Second, it must break relations with the Chinese government in Taipei. Unsurprisingly, Beijing demands that the second condition be fulfilled before the Holy See can discuss the first.
The Vatican cannot cede the appointment of bishops to the Chinese state, and Beijing is not confident that the Catholic Church in China will unquestioningly accept the “guidance of the Communist Party” without Beijing’s full control of the Chinese church’s hierarchy.
Pope Francis is in no position to compromise on this.
The Vatican learned horrific lessons in the past century about compromise with totalitarian states on the naming of bishops. Pope Francis himself, as archbishop of Buenos Aires, stoutly rebuffed the dictates of the Argentine government and its strong-willed president on matters of morality.
He experienced the evils of the military dictatorship in the 1970s and 1980s. Although, indeed, the Vatican has a concordat with the government of Argentina which gives civil authorities “right of consultation” in the appointment of bishops. “Consultation” is already part of the Holy See’s modus vivendi with Beijing.
China’s Bureau of Religious Affairs has on occasion reached informal agreement with Rome on suitable bishops of the Chinese Patriotic Catholic Association. However, Beijing judges that the Vatican has no leverage in the matter.
If the Catholic Church ever wants to flourish in Communist China, it will have to relinquish its control of bishops to the Chinese government. Pope Francis comprehends this more acutely than any other pope. A Jesuit knows well not to fritter away bargaining power.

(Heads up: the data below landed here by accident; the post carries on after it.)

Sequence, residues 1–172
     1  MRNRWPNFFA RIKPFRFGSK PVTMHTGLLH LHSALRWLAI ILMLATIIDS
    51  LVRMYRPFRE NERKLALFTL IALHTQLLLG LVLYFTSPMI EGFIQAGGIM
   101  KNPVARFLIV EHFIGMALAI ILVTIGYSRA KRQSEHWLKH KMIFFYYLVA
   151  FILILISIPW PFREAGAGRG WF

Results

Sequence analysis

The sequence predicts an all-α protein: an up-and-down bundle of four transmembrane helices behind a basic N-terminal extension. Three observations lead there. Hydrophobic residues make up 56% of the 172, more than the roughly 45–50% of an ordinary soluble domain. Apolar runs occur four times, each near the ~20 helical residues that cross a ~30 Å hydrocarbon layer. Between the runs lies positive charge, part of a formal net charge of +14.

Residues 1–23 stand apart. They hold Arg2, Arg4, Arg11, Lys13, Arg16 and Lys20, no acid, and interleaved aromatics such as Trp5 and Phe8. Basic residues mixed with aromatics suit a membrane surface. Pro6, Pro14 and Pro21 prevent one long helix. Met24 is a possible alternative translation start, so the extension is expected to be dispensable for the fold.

Without its Apostolic Nunciature in Taipei, the Holy See has no leverage in Beijing. If Pope Francis were to give up Taipei, Beijing would pocket the concession and there would be no incentive for further negotiation.
Consequently there is little chance that the Holy See will give up its Taipei nunciature without Beijing’s prior guarantees of the church’s freedom in China, and there is no prospect of that at all.
On March 19, Pope Francis received President Ma Ying-jeou (馬英九) happily and “with every honor” as the head of state of the Republic of China for the inaugural Papal Mass.
Ma was seated among 47 other heads of state and government in the company of German Chancellor Angela Merkel and US Vice President Joseph Biden, a reminder that Taiwan remains central in the Holy See’s Asian diplomacy.
Similarly, the Vatican is central to Taiwan’s diplomacy in Europe, a centrality that would dissolve if Taipei were to relinquish its sovereignty in an accommodation with Beijing.
Not until 30 years after Xavier’s death, in 1583, was a permanent Jesuit mission under Matteo Ricci permitted into China. Jesuits remained in China for another 200 years, through a dynastic succession, the collapse of empire and the rise of the Republic.
The Catholic Church in China has flourished in toleration and persecution through five centuries since Francis Xavier’s death on Sanchoao.
Pope Francis now approaches the challenge of the Catholic Church in China in the context of that history.
John Tkacik is the director of the Future Asia Project at the International Assessment and Strategy Center in Alexandria, Virginia.